that is not a good worker. that's a distracted, stressed-out worker. that's an issue waiting to occur. at best, it's a heartache for everyone involved. $300/week may not seem much, but if it gets a family thru those 6 weeks, it's huge. sometimes enough is a treasure.

    i'm glad for employers like Tony who understand that caring for their employees makes for a better business and a better community.

  • Idaho River Journeys (unverified)

    Um...I think "...Worked Up" would be giving you, bottom line, more family leave time. No?

  • dan (unverified)


    You state, "This IS NOT another government hand holding exercise.....This is a good thing and it is funded 100% by the employee. "

    If it is funded 100% by the employee then why do we even need a program. Couldnt the employee save him/herself to be able to afford unexpected circumstances.

    its called smoothing consumption. I do it all the time by putting some of my paycheck into my savigns account. In case something happens in the future, I have some money to cover it.

    So you are taking this responsbility away and say " oh dont worry the govt will help you by taking your money and saving for you"

    helllooo!!!!? What is not hand holding about that?

    I get it now. it is you that are too stupid to save yourself for unexpected circumstances. We can agree to disagree. Just dont come knocking on my door or getting your lame politician to take my money to support your lack of responsibility.

    You make me sick!

  • C. Mitchell (unverified)

    If any of my friends, family, or neighbors came to me asking me for help because they had a spot of bad luck, you can bet I would be happy to give them more than $42 and a hand to help. I am sure that all of you individuals who support this bill, and probably the majority of those who do not support the bill feel the same way. So lets leave the government out of it. I would much rather help my neighbor/aquantance/family member directly than have the government take my money and decide whom to help and under what circumstances. The more money that the government takes from me, the less I can give to those around me.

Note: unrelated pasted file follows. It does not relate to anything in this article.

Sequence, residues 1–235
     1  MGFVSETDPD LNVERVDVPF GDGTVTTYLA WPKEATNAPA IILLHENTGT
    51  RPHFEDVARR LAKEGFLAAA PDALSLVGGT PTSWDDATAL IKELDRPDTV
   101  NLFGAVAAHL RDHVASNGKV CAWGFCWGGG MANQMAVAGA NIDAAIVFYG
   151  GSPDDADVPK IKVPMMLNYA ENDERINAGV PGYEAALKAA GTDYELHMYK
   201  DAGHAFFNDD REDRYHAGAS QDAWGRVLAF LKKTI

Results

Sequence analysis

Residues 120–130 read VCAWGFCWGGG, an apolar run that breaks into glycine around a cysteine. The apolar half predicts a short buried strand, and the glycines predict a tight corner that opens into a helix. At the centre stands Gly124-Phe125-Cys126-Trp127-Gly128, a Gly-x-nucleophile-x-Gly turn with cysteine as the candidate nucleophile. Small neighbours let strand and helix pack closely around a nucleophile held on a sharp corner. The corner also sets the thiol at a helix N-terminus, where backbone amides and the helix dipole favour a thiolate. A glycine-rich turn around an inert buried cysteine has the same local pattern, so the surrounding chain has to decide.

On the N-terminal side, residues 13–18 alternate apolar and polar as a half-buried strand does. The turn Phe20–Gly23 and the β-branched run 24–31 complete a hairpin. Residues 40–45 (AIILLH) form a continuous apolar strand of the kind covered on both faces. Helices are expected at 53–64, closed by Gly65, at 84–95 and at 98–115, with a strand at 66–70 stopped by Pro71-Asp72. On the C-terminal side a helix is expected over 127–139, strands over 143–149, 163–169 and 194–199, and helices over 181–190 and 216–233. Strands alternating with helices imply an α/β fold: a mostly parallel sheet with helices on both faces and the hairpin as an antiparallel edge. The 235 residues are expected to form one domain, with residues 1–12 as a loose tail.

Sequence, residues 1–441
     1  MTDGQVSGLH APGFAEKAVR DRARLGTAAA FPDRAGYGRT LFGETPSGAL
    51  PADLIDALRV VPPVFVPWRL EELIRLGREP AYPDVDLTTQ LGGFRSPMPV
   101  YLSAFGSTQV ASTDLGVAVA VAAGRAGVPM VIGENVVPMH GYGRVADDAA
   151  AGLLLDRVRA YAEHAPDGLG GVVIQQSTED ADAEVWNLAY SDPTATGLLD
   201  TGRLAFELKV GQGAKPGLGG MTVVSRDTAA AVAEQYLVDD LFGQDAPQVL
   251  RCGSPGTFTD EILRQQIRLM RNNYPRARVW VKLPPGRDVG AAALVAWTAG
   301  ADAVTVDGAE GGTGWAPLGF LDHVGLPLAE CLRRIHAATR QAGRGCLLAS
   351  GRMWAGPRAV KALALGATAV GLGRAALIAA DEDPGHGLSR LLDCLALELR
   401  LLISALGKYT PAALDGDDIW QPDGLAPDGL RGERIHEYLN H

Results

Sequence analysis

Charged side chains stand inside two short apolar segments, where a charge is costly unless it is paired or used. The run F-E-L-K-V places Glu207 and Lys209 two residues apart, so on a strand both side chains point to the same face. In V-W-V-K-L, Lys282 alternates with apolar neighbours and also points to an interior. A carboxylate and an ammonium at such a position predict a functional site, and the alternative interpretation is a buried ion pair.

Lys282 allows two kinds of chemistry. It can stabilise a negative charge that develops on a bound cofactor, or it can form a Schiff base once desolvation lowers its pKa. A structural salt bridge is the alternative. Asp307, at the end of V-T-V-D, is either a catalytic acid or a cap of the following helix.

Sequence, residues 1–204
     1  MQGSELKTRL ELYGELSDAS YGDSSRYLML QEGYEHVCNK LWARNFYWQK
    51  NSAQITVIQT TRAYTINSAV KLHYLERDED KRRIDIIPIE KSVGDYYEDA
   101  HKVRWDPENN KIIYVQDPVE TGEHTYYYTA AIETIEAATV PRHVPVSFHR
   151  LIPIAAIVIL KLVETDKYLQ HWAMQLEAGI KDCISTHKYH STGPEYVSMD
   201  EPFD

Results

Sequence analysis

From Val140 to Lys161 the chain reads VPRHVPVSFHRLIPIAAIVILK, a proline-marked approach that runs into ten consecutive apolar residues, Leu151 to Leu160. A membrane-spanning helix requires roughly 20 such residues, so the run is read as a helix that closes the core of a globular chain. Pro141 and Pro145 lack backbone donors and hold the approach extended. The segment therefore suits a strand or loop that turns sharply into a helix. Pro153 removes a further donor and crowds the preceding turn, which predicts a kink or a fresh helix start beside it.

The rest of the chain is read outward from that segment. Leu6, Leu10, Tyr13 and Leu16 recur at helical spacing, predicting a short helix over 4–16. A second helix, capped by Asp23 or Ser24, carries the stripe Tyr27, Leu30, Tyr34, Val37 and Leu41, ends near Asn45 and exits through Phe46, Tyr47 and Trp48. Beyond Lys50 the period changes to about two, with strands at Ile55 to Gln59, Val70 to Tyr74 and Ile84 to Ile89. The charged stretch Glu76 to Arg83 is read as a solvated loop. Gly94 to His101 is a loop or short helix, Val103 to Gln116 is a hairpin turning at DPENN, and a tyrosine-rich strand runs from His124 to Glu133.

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    we've just gone through 40 years of taking govt out of the picture, turning "welfare" over to charities, family, etc. look what good that's done. more poverty, greater divergence between rich and poor, the middle class almost destroyed, and a financial system in ruins. yay for less govt!

    this is exactly what govt does so well: takes small amounts from many to create a system that benefits those in need. Medicare, Social Security, hell you can even count the Armed Forces in there (says the vet with 2 kids in service). anybody out there able to afford your own roadway? would you like to pay for your own police force? want to pay a private company to deliver your mail? gonna cross your fingers that your food is safe (and for all the scares, most of our food is safe)? ranting and raving about "big bad govt" usually means "i'm not getting what i want" and that usually means "i'm not involved in the process". get involved, positively, and help shape your govt -- and it is your govt, dudes & dudettes -- as you'd like to see it.

    it's called democracy. whining about it is called quitting.

  • C. Mitchell (unverified)

    T.A. Barnhart, your response amounts to a straw man argument. Don't mischaracterize anyone who disagrees with paid leave as not wanting a government run police force, etc. Don't mischaracterize us as whining and not being involved. You don't know me. Straw man arguments sound good but they avoid the disputed issue by characterizing the argument as being about something different, altogether.

    You also mischaracterized the facts. We have not "just gone through 40 years of taking government out of the picture." Government is bigger now than it has ever been. Know the facts. You are allowed to argue the the US has always had too small of a government, but you cannot seriously argue that the prior to the 1970s, that the government was substantially larger and welfare programs more extensive unless you find some hard facts to back that statement up. Good luck.